Wildlife Partners, LLC  

San Antonio,  TX 
United States
  • Booth: 2927

Wildlife Partners is an innovative wildlife conservation company. Our model marries the desire to do good for the world with economic incentives. It has been proven that wildlife conservation does not have to be centered around an altruistic approach funded by donations. When it is accentuated by for profit motives, outsiders that would otherwise not participate, join the fight to save species from extinction. The benefits are gratification from doing a great thing for our planet, active participation in wildlife breeding/ranching, cash flow distributions and 100% tax deductions.

We currently serve more than 300 private landowners in Texas and more than 40 conservation minded investors throughout the United States. Through our approach, landowners in Texas and beyond have learned how to convert their private ranches into cash flow producing wildlife sanctuaries. Additionally, we have a vehicle that provides non-landowners the ability to own wildlife, participate as a breeder, get hands on experience, generate revenue and convert tax dollars into usable assets. We have produced results and our partners love what we do!

We are incredibly proud to present to you our amazing story and hope that you’ll find this program to be as exciting as the numerous SCI members who have already joined us.


WildLife Partners Nightline
Saving species from extinction through profit


  • Addax
    The addax (Addax nasomaculatus), also known as the white antelope and the screwhorn antelope, is an antelope of the genus Addax, that lives in the Sahara desert.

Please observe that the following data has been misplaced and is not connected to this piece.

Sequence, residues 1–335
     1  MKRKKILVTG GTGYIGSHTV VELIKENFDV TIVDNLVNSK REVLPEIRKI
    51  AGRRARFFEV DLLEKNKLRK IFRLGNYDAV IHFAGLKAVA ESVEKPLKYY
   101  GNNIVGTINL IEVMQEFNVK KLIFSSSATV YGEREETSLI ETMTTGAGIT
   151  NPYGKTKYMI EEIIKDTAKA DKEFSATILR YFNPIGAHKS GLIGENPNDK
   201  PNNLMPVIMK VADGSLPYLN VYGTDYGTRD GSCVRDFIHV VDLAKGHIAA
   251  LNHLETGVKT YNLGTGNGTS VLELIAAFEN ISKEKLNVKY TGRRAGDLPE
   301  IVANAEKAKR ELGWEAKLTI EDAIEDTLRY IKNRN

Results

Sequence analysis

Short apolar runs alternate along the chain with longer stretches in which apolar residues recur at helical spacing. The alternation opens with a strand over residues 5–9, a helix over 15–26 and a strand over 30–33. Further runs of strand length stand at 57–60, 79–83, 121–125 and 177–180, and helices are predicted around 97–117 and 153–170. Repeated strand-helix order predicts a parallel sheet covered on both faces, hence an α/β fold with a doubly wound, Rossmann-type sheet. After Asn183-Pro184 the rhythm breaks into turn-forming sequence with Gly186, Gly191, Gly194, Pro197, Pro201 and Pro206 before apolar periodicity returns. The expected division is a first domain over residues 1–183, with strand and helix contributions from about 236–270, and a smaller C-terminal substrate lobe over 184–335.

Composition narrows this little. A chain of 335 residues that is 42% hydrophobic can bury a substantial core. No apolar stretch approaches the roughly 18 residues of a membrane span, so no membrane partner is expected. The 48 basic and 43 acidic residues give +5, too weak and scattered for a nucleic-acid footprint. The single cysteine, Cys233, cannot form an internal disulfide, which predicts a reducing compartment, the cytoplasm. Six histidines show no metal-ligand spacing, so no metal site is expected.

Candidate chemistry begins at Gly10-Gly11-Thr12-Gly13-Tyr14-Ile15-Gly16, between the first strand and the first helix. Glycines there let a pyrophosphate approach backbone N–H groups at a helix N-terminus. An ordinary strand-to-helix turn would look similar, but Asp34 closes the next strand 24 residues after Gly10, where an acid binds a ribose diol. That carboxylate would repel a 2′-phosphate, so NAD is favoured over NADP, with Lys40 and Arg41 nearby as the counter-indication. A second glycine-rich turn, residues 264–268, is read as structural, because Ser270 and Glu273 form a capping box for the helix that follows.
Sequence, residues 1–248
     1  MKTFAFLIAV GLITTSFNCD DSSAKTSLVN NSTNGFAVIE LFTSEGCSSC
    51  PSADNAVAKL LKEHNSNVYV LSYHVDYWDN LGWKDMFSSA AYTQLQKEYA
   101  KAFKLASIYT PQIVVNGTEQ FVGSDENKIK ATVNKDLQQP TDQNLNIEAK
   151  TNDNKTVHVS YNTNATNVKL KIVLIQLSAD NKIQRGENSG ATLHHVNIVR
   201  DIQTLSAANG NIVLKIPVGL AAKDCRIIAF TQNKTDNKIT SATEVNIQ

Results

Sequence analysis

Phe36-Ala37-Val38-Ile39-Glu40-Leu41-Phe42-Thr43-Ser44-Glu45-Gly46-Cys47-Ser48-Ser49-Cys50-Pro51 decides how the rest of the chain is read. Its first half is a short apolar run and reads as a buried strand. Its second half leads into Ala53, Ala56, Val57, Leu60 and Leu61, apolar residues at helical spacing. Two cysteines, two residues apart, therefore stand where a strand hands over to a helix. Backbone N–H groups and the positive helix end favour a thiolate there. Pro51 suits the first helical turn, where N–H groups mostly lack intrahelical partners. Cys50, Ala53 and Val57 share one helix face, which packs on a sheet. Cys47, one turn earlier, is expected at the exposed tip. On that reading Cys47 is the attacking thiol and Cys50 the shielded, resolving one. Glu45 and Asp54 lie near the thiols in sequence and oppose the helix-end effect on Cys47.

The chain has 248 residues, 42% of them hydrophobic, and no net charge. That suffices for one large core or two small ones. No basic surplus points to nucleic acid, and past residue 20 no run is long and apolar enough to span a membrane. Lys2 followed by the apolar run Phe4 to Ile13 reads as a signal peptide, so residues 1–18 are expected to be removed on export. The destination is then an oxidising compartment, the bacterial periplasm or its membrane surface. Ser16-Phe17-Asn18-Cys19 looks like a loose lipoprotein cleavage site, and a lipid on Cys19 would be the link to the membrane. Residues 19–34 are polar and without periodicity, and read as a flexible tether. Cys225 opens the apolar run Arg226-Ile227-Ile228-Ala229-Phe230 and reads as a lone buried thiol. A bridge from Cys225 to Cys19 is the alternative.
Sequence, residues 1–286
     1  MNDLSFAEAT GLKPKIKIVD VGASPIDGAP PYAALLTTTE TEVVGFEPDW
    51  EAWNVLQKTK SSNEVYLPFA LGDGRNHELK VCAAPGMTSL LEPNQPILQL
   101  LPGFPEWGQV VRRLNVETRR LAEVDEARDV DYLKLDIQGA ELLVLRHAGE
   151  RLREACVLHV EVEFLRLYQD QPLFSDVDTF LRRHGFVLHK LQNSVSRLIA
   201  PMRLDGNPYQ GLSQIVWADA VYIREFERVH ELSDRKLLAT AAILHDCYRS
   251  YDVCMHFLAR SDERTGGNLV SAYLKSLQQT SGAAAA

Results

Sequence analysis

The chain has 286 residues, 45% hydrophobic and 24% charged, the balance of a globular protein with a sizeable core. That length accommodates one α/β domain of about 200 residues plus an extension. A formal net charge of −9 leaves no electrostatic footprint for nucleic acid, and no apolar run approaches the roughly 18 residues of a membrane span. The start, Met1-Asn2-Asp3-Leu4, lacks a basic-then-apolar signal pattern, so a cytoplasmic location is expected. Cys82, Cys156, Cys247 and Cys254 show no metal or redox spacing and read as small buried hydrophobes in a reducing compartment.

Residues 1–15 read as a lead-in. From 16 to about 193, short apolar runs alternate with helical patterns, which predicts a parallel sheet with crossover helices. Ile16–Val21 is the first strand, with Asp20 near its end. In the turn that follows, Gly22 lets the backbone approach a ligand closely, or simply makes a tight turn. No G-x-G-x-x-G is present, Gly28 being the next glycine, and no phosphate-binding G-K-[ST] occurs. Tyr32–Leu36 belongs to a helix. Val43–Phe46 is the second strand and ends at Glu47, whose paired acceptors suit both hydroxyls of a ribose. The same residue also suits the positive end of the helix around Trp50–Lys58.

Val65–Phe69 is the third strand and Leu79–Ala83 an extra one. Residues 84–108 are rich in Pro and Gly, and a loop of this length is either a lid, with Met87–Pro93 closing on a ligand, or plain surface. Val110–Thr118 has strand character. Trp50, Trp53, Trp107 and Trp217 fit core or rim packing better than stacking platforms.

• The addax is a critically endangered species of antelope, as classified by the IUCN. Although extremely rare in its native habitat due to unregulated hunting, it is quite common in captivity. The addax was once abundant in North Africa, native to Chad, Mauritania and Niger. It is extinct in Algeria, Egypt, Libya, Sudan and Western Sahara. It has been reintroduced in Morocco and Tunisia.

    In the first half of the 20th century, addax disappeared from Morocco, Algeria, Tunisia, Libya and Egypt. It has been during the last fifty years that addax have declined in the southern region of their range. Dolan reviewed the status of addax in the wild in 1966 and estimated no more than 5,000 animals remained, and by 1980-81 Newby reported there were probably fewer than 4,000 individuals residing in Mauritania, Mali, Niger and Chad. Addax are now one of the rarest and most endangered species on earth, with approximately 200 animals remaining in the remote area of Termit-Tin Toumma in eastern Niger.

    Addax were originally imported into the United States in approximately 1903. There were 15 original founders. Today there are 231 addax in AZA institutions and through 2015 there have been 6170 Addax born in AZA zoos. All originate from this group of 15. Based upon zoo records, Addax arrived in Texas between 1967 and 1987. It is estimated that there are more than 5000 addax in Texas as of 2019.

  • Arabian Oryx
    The Arabian oryx was extinct in the wild by the early 1970s, but was saved in zoos
    and private preserves. They were reintroduced into the wild starting in 1980....

  • In 1986, the Arabian oryx was classified as endangered on the IUCN Red List, and in 2011, it was the first animal to revert to vueranle status after previously being listed as extinct in the wild.  It islisted in CITESAppendix I. In 2011, populations were estimated at over 1,000 individuals in the wild, and 6,000–7,000 individuals in captivity worldwide.